Common Sense Review
Updated May 2013


This product is no longer available.
Fabulous writing prompts will inspire, but not much else
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Common Sense Rating 3
Teacher Rating
Not Yet Rated
  • Plinky's home page is clean and simple.
  • Profiles can contain varying levels of personal info.
  • It's easy to go back and answer previous prompts.
  • Responses range from lengthy and poetic to brief and personal.
  • Take note: all profiles are public by default.
Each daily prompt differs wildly from the last, engaging kids and encouraging return visits.
The community is small and undeveloped, the site is overrun with spam, and essential features like privacy are limited.
Bottom Line
With a teacher's guiding hand and lots of supervision, Plinky's prompts could be a fun addition to the classroom.
Polly Conway
Common Sense Reviewer
Classroom teacher
Common Sense Rating 3
Engagement Is the product stimulating, entertaining, and engrossing? Will kids want to return? 4

The daily prompts are really fun and require just the right amount of self-reflection; it's likely that kids will return daily to face their next writing challenge. Site design is very streamlined.

Pedagogy Is learning content seamlessly baked-in, and do kids build conceptual understanding? Is the product adaptable and empowering? Will skills transfer? 2

Quality imaginative prompts empower kids, and they'll soon amass a nice portfolio of responses. Users can socialize by following each other and "starring" favorite answers, but that's about it.

Support Does the product take into account learners of varying abilities, skill levels, and learning styles? Does it address both struggling and advanced students? 3

The interface is intuitive and easy to use, and there's a reasonable amount of help. Users can see saved responses on their profiles and can also share through social media or export to a blog.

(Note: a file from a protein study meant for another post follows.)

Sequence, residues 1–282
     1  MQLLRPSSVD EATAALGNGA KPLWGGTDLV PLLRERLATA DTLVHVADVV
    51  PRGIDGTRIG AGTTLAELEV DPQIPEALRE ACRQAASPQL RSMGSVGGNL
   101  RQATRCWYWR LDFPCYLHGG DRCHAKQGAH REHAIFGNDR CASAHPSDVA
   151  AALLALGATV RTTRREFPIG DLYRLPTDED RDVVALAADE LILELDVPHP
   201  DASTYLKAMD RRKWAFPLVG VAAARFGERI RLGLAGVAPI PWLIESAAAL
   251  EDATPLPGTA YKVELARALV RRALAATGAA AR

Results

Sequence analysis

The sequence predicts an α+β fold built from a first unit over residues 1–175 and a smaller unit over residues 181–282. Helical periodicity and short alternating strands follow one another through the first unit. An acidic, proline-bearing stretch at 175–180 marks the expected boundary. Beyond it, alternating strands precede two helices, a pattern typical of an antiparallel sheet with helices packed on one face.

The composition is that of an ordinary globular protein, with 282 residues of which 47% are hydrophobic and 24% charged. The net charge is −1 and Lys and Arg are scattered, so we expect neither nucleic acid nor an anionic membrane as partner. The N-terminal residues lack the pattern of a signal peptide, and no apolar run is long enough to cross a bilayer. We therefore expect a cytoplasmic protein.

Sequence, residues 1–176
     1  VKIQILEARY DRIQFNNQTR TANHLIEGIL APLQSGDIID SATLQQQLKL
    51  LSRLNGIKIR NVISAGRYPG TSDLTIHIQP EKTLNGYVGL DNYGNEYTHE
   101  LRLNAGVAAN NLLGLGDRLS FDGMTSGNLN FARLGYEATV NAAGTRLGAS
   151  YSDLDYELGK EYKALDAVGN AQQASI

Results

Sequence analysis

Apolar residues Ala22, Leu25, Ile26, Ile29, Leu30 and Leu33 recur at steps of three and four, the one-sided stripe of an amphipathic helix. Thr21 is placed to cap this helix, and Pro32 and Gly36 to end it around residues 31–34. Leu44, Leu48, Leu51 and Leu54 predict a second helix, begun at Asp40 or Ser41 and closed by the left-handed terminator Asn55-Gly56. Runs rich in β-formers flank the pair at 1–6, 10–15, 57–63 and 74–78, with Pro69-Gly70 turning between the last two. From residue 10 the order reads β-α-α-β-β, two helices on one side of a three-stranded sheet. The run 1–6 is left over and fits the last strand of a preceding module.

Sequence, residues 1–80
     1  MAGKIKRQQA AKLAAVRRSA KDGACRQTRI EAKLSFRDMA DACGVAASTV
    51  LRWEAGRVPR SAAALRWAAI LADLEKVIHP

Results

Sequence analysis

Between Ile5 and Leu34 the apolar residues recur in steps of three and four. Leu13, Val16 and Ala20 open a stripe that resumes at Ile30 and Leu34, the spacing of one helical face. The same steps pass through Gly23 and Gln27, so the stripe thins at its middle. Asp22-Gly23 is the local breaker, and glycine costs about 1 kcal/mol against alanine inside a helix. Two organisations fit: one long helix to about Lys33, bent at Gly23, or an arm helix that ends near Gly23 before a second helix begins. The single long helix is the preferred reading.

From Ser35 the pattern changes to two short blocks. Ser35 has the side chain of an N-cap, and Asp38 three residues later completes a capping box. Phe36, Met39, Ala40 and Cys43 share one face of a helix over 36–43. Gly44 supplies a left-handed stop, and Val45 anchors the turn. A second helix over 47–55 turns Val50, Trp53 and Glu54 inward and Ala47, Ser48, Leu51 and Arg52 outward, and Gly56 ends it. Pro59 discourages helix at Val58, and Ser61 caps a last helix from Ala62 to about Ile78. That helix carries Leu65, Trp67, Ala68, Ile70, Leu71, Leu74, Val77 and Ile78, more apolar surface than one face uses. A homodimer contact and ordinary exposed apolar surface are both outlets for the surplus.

About our ratings and privacy evaluation.
How Can Teachers Use It?

Language arts teachers might use Plinky for the "Do Now" activity. Post a prompt from the site on the board or projector and give students 5-10 minutes of writing time at the beginning of each class period. It's hard for one teacher to patrol all the weird stuff on Plinky, so we wouldn't recommend individual kid use on iPads or computers in the classroom, but it does offer some quality prompts that you can snag for daily use offline.

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What's It Like?

Editor's Note: As of September, 2014 the Plinky website has closed. More information is available on the developer's website.

Plinky is a website that shares daily creative writing prompts users can respond to. Answers are posted directly onto the site and can be shared through social media channels like Facebook and Twitter or embedded into a Wordpress blog or Tumblr. Plinky is unique in that it allows writers to not only respond with words but also add images and rich text to their answers.

Users log in with an email and password, and are then directed to their profile. No additional information is required, but you can fill in a bio and add a photo if you like. Prompts change every day and include questions like "Is the glass half-full or half-empty?" or requests like "Tell us about a time when everything you hoped would happen actually did." If kids like another person's answer, they can "star" it.

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Is It Good For Learning?

Plinky is great in theory, but it has a long way to go. Many of the Frequently Asked Questions have these kinds of answers: "We're working on it" or "Not yet." Other problems: There are lots of random spambots with profiles like "SexyIndianModelinDubai" that use the answer space to solicit sexual services. Really. Other profiles exist to post spam in the answer space: "The all-natural testosterone booster can help you look muscular and achieve your dreams" is not an appropriate response to "Tell us the most surprising helping hand you've ever received." A moderation system needs to be put in place, as the site seems to be overrun with this stuff.

The good news? Design is chic and clean, and the writing prompts themselves are fantastic and diverse, alternately promoting self-reflection and imagination. It's a neat site for budding writers to challenge themselves daily, but there's another problem that discourages kid use: Privacy settings are really undeveloped here. Also, all the spammers floating around the site make it harder for well-written responses to shine. Plinky needs to build a real community, banish sexy spambots, and take the time to work on important privacy features before it becomes a safe and recommended place to send writerly kids.

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See how teachers are using Plinky